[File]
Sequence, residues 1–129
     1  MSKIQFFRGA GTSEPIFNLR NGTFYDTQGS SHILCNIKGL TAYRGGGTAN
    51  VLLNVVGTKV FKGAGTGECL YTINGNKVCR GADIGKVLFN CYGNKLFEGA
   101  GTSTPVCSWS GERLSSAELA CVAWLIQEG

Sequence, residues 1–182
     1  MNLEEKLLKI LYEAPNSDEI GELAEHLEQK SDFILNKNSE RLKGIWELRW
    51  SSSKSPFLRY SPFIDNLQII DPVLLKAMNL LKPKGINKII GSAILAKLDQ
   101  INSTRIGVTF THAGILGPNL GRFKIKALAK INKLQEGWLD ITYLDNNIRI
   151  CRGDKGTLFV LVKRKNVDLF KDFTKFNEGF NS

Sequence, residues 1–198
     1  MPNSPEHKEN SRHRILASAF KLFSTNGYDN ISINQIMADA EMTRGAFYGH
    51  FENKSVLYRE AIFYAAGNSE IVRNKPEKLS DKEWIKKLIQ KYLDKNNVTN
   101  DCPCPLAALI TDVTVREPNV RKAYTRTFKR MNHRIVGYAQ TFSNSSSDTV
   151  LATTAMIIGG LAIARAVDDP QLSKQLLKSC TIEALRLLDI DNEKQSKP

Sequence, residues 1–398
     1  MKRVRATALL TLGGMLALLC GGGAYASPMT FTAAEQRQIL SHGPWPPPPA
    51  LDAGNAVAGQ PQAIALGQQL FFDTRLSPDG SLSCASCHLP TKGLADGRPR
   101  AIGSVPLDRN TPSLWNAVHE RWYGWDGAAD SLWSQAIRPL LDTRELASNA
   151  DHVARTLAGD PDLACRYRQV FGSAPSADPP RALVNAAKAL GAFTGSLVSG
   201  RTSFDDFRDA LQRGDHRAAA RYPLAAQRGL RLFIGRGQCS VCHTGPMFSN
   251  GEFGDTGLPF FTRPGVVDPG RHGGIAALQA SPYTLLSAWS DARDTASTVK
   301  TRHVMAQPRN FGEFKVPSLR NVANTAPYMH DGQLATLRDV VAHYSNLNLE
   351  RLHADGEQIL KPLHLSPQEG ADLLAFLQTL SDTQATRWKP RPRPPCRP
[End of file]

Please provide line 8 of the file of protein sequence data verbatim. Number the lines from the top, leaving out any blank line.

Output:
   101  INSTRIGVTF THAGILGPNL GRFKIKALAK INKLQEGWLD ITYLDNNIRI